Maybe We Can Talk About It

Thursday, September 14, 2006

  • Harvey Keitel is also looking for Osama in ABC's The Path to 9/11

    Harvey Keitel is also looking for Osama in ABC's The Path to 9/11

Written by Gonzalo Moreno

It has been five years and a bit since 9/11. I say a bit because in that bit (from Sunday night, prime-time, until the end of the week) we have been subjected to a barrage of documentaries, docu-dramas, and random fictionalization of the events of 9/11. Now, for anyone who lost loved ones, or maybe for any sensitive person, period, reliving those moments can be unbearable. But perhaps this is not such a bad thing, and I will explain why.

I’ll start with a warning, though: some of the material produced for this sombre anniversary is somewhat dubious. Take, for example, Disney-ABC’s The Path to 9/11. Fraught with factual errors and omissions, the dramatic mini-series tries to offer some insight into the build-up to the events of that day, with Harvey Keitel as its main star. Its most celebrated conclusion, however, is that Bill Clinton is to blame for not having the guts to kill Bin Laden when he had the chance – and the film makes it look like it would’ve been easy as pie if only the political will of an administration drowning in Monicagate had been present.

I have two problems with this approach. First of all, if it were true, kudos to Clinton for actually finding Bin Laden. Unfortunately, it seems like the closest the US ever came to killing Bin Laden was an operation to storm his compound, an operation which wouldn’t have been exactly easy and the outcome of which was far from certain. The second problem, which underlies the first, is that it basically says “if only we had killed Bin Laden, then everything would have been alright.” If 9/11 was a day that changed the world as we know it, then surely there must have been more to it than one man in a turban. Plus one would hope that the most immediate lesson from 9/11 is that bombing/shooting/beating the hell out of the perceived source of a problem does not solve the problem itself, but apparently we don’t learn that fast.

That’s why, from all the media barrage, “real” documentaries come out the better. Take CBC’s The Secret History of 9/11. It follows the twists and turns in the lives of the 9/11 masterminds and terrorists for almost 10 years, since the 1993 original World Trade Center bombings. The Secret History of 9/11 is not easy to watch. The general impression is that no one in the US cared very much about these people: they were allowed to enter the country with incomplete visas or invalid passports, they were allowed to remain after their visas expired, and they were kept on a very loose leash even though some of them had been unequivocally identified as Al-Qaeda members. 9/11 emerges as a huge failure of the system to protect its own people. You actually see footage of Richard Clark, Director of Counterterrorism in the Clinton and W. Bush administrations, apologizing in the 9/11 Commission to the families of the victims.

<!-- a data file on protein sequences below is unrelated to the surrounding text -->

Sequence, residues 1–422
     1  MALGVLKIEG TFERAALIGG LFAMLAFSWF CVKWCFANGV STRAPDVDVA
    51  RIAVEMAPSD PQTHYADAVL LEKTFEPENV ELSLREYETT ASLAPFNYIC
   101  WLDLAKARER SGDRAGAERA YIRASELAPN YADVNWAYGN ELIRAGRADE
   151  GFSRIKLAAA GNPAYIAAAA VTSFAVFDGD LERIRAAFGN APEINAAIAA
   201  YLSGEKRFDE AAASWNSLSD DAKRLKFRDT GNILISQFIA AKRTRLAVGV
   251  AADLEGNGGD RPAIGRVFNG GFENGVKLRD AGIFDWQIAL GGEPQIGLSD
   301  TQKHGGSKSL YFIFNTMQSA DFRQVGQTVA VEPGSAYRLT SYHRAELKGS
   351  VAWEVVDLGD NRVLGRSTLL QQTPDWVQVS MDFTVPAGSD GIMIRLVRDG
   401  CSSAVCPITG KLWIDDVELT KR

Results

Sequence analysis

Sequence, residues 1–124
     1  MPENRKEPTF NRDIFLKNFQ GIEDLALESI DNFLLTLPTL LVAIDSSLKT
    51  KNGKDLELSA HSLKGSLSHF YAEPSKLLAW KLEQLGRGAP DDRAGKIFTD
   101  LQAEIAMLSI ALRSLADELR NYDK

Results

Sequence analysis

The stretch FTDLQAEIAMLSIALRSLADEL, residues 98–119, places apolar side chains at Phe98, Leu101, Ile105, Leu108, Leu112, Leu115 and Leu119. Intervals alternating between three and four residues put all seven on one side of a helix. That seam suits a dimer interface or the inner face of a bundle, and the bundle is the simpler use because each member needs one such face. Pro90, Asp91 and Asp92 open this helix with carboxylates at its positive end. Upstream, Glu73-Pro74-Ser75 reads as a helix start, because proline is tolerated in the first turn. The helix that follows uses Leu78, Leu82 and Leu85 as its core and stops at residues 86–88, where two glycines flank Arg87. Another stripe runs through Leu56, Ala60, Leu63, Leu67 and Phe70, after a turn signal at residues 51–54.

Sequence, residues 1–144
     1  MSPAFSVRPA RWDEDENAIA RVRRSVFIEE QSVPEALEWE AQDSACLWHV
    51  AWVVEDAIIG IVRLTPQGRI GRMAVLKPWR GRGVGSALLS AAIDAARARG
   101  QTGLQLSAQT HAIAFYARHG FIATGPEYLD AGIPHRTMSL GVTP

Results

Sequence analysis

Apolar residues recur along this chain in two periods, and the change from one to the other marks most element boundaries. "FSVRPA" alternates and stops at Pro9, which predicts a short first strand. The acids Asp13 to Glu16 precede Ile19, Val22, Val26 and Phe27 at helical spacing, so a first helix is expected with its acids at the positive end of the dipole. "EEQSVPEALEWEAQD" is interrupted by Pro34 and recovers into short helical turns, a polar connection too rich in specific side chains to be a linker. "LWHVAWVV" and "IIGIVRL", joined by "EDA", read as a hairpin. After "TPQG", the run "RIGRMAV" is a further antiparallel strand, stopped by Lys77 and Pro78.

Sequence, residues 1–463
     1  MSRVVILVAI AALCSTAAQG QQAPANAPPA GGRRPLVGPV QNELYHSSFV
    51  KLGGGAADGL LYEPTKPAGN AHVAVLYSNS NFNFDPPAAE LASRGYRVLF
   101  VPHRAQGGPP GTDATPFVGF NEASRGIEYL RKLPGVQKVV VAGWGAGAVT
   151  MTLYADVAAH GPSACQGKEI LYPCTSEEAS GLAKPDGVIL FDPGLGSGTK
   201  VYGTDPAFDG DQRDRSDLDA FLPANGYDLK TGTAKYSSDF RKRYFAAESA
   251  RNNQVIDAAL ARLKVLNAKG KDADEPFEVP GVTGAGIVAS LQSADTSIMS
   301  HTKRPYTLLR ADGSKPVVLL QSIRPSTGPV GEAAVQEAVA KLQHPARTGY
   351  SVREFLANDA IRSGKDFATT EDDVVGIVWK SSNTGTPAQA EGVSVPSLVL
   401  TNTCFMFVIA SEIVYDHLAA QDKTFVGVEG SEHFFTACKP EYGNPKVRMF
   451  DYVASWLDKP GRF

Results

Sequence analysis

But if what you want is heart-wrenching, emotionally draining piece on 9/11, look no further than BBC’s 9/11: The Twin Towers. A mixture of dramatization with plenty of CGI and of interviews with survivors and victims’ families, this docu-drama focuses on nothing but the events of the day in the World Trade Center in New York. There are amazing testimonies, such as one man who hid under his desk when one of the planes crashed into his office… and survived to tell it all on camera. There are also segments that will make you squirm on your seat, like people that will admit to cowardice or to maybe not having stopped to help others.

Whether you are talking about any of these documentaries and dramatizations, or about this year’s theatrical releases on 9/11 – the unassuming United 93 or the at times over-pretentious World Trade Center - a common thread seems to emerge: after these 5 years, maybe we are at the stage where we can start talking about it in more than bumper sticker slogans and absolute statements.

Being able to talk about 9/11 freely is just the first step towards both coming to terms with the tragedy and explaining it with any degree of complexity. I won’t say that TV and movies have powerful cathartic properties that will make everyone wake up and think for themselves (it’s often quite the opposite), but all three documentaries that I have cited have been made without much concern for profit (BBC and CBC are public institutions, and ABC did not air commercials during theirs and is distributing it freely over the internet), and, each in their way, try to lift taboos and put things into context.

Already the attitudes to 9/11 have changed hugely in the last 5 years, as people are emerging from grief and trying to piece things together and frame them in a comprehensive picture. Anything that contributes to this cannot possibly be pernicious, independently of whatever conclusions may be reached about what happened that day. And, although it is sometimes hard to watch, the TV material that has been produced in this fifth anniversary may just be a step in the right direction.

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